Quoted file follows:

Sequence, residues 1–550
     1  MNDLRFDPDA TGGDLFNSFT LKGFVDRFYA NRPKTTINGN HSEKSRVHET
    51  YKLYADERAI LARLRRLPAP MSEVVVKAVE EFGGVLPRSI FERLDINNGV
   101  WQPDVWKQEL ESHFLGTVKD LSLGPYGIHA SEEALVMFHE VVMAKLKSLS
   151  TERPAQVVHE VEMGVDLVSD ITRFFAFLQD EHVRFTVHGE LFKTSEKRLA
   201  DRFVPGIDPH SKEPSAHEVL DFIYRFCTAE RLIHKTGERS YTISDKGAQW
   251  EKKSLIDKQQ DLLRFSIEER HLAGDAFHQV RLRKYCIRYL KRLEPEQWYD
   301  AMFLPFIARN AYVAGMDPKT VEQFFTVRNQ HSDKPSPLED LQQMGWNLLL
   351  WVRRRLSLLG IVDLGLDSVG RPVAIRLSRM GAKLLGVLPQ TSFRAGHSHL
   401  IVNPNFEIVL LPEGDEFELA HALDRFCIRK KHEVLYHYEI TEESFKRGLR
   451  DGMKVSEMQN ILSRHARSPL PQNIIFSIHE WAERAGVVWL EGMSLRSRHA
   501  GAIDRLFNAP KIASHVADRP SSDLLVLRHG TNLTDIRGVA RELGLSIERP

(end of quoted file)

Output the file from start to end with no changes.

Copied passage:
Sequence, residues 1–550
     1  MNDLRFDPDA TGGDLFNSFT LKGFVDRFYA NRPKTTINGN HSEKSRVHET
    51  YKLYADERAI LARLRRLPAP MSEVVVKAVE EFGGVLPRSI FERLDINNGV
   101  WQPDVWKQEL ESHFLGTVKD LSLGPYGIHA SEEALVMFHE VVMAKLKSLS
   151  TERPAQVVHE VEMGVDLVSD ITRFFAFLQD EHVRFTVHGE LFKTSEKRLA
   201  DRFVPGIDPH SKEPSAHEVL DFIYRFCTAE RLIHKTGERS YTISDKGAQW
   251  EKKSLIDKQQ DLLRFSIEER HLAGDAFHQV RLRKYCIRYL KRLEPEQWYD
   301  AMFLPFIARN AYVAGMDPKT VEQFFTVRNQ HSDKPSPLED LQQMGWNLLL
   351  WVRRRLSLLG IVDLGLDSVG RPVAIRLSRM GAKLLGVLPQ TSFRAGHSHL
   401  IVNPNFEIVL LPEGDEFELA HALDRFCIRK KHEVLYHYEI TEESFKRGLR
   451  DGMKVSEMQN ILSRHARSPL PQNIIFSIHE WAERAGVVWL EGMSLRSRHA
   501  GAIDRLFNAP KIASHVADRP SSDLLVLRHG TNLTDIRGVA RELGLSIERP